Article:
Fine Arts

Many musicians, sculptors, and painters owe their success to the roots they established in Canton. Many of the experiences they had as Canton natives were mixed with their talents to form inspiring and meaningful art that is enjoyed by people everywhere.

Charles Walter Clewell

Born in Ohio in 1876, Charles Clewell spent most of his life in Canton where he developed a process for producing pottery which has a unique metal-like patina. Clewell mixed pottery and metal to develop glazes that have never been replicated. He began experimenting with copper, brass and bronze materials and by 1909, had perfected the process.

Awarded for His Work

 In 1923, Clewell achieved a blue-green colored finish and invented a way to both accelerate and check the color development in the pottery. He produced a prolific amount of pottery beginning in 1906 and received a medal for his work at the Paris Exposition in 1937. He worked for the Timken Roller Bearing Company from 1940 to 1951. 

The process died with him in 1965. Ninety pieces of Clewell's work can be found in the Jessie Besmer Museum in Alpina, Michigan. The Canton Museum of Art has a small collection of his work.

Charles Walter Clewell

Henry Mitchell

Henry was born in Canton, Ohio in 1915. After completing high school he enrolled at Princeton University majoring in economics and engineering. After graduating he joined the Coast Guard for a four-year stint during World War II. After returning to Canton he married while working at a corporate career. However, he decided to return to school to pursue his first love, sculpture. 

Fulbright Fellowship

He moved to Philadelphia attending the Tyler School of Art at Temple University. After graduating from Temple with a Master of Arts Degree, he received a Fulbright fellowship to study in Milan at the Academia di Brera. His work with Marino Marini led to his founding a studio in Milan. 

Projects for Philadelphia

He completed over twenty projects for the City of Philadelphia including the famous "Impala Fountain" at the Philadelphia Zoo, "Running Free," sculptured horses for Drexel University, and the "Betsey Ross House Fountain." He completed the "Pegasus" sculpture for the Great Court of the Canton Museum of Art in 1960. He is often compared to the sculptors, Antoine Louis Barye, Wilhel Friedrich Wolff, and Edward Kemey. Henry died in April 1980 in Charlestown, South Carolina. 

Henry Mitchell

Larry Pulka

Larry was born in Cleveland, Ohio and after serving two tours in Vietnam attended Kent State University. After studying engineering at Kent, he opened a construction company in Canton, which became quite successful. In 1976 he began a hobby building ship models first from kits and later from blueprints from the Smithsonian. He built the ships to the exact scale of different woods imported from around the world.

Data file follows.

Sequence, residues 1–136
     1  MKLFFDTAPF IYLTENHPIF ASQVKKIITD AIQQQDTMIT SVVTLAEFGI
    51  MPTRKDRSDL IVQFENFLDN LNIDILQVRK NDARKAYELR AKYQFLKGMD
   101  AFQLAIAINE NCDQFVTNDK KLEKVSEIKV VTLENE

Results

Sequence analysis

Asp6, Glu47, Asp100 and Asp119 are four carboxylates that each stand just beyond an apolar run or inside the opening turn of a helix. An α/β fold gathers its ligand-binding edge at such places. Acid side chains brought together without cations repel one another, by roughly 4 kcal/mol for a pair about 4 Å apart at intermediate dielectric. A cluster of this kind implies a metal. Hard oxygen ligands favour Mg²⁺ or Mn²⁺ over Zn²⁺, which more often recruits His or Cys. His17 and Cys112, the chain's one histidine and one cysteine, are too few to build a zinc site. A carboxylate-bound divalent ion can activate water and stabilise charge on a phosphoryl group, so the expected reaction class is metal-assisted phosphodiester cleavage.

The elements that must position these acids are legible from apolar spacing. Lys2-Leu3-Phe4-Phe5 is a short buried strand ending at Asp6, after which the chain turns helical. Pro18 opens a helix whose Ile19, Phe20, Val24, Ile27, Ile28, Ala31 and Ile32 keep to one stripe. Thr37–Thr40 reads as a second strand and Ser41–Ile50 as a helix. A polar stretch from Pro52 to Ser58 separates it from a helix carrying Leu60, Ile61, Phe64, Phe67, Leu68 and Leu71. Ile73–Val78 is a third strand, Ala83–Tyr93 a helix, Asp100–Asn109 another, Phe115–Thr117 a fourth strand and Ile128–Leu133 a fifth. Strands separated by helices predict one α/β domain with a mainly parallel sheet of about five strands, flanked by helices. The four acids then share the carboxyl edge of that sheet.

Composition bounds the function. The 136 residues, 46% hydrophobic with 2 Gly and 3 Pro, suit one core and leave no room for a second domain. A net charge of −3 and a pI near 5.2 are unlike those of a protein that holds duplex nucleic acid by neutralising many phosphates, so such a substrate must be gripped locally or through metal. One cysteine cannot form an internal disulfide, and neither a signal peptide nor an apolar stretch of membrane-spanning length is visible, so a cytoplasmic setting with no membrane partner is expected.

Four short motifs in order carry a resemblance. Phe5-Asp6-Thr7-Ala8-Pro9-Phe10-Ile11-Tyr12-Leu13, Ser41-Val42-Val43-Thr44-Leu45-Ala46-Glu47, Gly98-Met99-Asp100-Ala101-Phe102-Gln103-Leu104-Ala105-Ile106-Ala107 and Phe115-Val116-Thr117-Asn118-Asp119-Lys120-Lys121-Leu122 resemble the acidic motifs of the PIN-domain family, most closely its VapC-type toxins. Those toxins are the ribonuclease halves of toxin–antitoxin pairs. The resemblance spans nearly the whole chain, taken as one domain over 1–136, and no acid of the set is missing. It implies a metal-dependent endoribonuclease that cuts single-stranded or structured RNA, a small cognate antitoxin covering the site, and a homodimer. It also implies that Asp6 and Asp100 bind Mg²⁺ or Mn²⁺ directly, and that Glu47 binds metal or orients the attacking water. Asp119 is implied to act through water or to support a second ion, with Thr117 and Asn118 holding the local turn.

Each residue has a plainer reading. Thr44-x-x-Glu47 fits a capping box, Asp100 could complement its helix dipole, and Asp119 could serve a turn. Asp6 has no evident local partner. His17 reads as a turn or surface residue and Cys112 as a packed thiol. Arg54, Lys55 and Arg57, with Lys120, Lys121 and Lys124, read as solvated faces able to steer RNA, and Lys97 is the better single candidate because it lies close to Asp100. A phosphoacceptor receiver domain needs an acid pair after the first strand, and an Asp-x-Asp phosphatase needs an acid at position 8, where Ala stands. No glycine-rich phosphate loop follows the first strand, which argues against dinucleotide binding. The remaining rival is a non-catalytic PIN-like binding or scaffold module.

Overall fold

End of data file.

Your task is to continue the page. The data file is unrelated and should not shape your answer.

Building Replicas

From the keel up he constructed models of the Constitution and other frigates using bone, ebony, and bloodwood. The frigates which were the backbone of the navy for years took about three years to build. Larry spends about ten months in building these replicas to scale using over 150,000 hand-worked pieces in the process. 


He recently completed the Oregon, McKinley's "Bulldog," a battleship cited for its heroics during the Spanish American War. Larry has built many ships under contract and over the years has developed a nationally significant collection displayed in his museum, "Blue Water Majesty." The Museum opened in Canton on land ceded in 1803 by Thomas Jefferson.

Larry Pulka

Clyde Singer

Clyde Singer was born in Malvern, Ohio in 1908 and spent much of his youth in drawing and sketching. After graduating from high school, he painted signs for the Canton Sign Company, and in 1931 he entered the Columbus Art School. He studied art under Kenneth Hays Miller, Thomas Hart Benton, and Franklin DuMond at the Art Students League in New York. He was the art critic for the Youngstown Vindicator and assistant director of the Butler Art Institute in Youngstown in 1940. His paintings are typically very similar to the cartoonist George Luks whose work as social commentary he loved.

Street Scenes

Singer’s works often reflect local street scenes in which memories of the Strand Theatre, or the Arcade Market in Canton are found. Street scenes from New York, Pittsburgh, and murals for the New Concord, Ohio Post Office reflect a time gone by. The Canton Museum of Art has several of his works in its permanent collection. His work has won top prizes in exhibitions in the:

  • Butler Art Institute
  • Columbus Art League
  • National Academy of Design
  • Ohio Fine Arts State Exhibition
  • Portland Art Museum
Clyde Singer